Clostridium difficile is the most common known cause of antibiotic-associated diarrhea. Upon the disturbance of gut microbiota by antibiotics, C. difficile establishes growth and releases toxins A and B, which cause tissue damage in the host. The symptoms of C. difficile infection (CDI) range from mild diarrhea to pseudomembranous colitis and toxic megacolon. Interestingly, 10-30% of infants are asymptomatic carriers of C. difficile. We hypothesize that commensal microbiota in infants might be more permissive to the colonization of C. difficile than adult microbiota.
Fifty fecal samples, collected weekly from 5.5 to 17 months of age from an infant who was initially an asymptomatic carrier of C. difficile, were analyzed by 16S rRNA sequencing on a MiSeq.
Colonization switching between toxigenic and non-toxigenic C. difficile strains as well as higher than 100,000 fold fluctuations of C. difficile counts were observed. No diarrhea was associated with the presence of toxins, which was confirmed by immunoassay and tissue culture. Although fecal flora was stable during breast feeding, a drastic and permanent change of microbiota composition was observed within 4 days after the transition from human milk to cow milk. A rapid decline and eventual disappearance of C. difficile coincided with weaning at 12.5 months. A dramatic increase in the abundance of Bacteroides spp., Blautia spp., Parabacteroides spp., Coprococcus spp., Ruminococcus spp. and Oscillospira spp. and a decrease of Bifidobacterium spp., Lactobacillus spp., Escherichia spp. and Clostridium spp. were observed during weaning. The change in microbiome composition was accompanied by an increase of fecal pH from 5.5 to 7.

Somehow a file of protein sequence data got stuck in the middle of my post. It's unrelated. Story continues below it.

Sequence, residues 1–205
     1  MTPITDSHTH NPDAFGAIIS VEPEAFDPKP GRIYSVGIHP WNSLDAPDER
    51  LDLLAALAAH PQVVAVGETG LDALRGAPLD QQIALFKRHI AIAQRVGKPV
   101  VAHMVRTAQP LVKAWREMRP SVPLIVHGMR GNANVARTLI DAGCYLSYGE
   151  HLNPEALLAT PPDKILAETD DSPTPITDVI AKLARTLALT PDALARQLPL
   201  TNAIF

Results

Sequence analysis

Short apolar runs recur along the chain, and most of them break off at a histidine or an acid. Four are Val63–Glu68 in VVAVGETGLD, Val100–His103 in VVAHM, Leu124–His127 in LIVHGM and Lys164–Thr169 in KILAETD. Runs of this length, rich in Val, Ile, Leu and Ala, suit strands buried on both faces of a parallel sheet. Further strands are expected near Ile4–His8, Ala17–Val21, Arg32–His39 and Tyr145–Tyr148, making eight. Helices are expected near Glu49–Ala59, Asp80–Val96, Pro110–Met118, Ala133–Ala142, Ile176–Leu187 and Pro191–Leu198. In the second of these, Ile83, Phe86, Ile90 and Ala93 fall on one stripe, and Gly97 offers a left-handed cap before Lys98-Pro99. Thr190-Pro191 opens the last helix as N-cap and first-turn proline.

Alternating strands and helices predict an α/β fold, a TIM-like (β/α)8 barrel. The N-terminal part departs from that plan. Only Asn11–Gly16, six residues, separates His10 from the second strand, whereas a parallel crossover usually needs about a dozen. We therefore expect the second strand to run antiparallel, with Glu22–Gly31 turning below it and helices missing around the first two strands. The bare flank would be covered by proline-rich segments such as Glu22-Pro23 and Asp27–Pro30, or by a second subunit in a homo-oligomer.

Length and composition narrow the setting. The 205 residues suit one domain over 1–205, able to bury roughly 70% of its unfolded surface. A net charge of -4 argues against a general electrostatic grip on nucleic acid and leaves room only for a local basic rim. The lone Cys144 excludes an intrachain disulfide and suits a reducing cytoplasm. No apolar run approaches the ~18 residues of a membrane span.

The bacterial groups that are less abundant in early infancy, and that increase in abundance after weaning, might contribute to the disappearance of C. difficile by either competing for common substrates or secreting inhibitory metabolites.
L. Brannan, TechLab, Inc.: Employee , Salary
J. Boone, TechLab, Inc.: Employee , Salary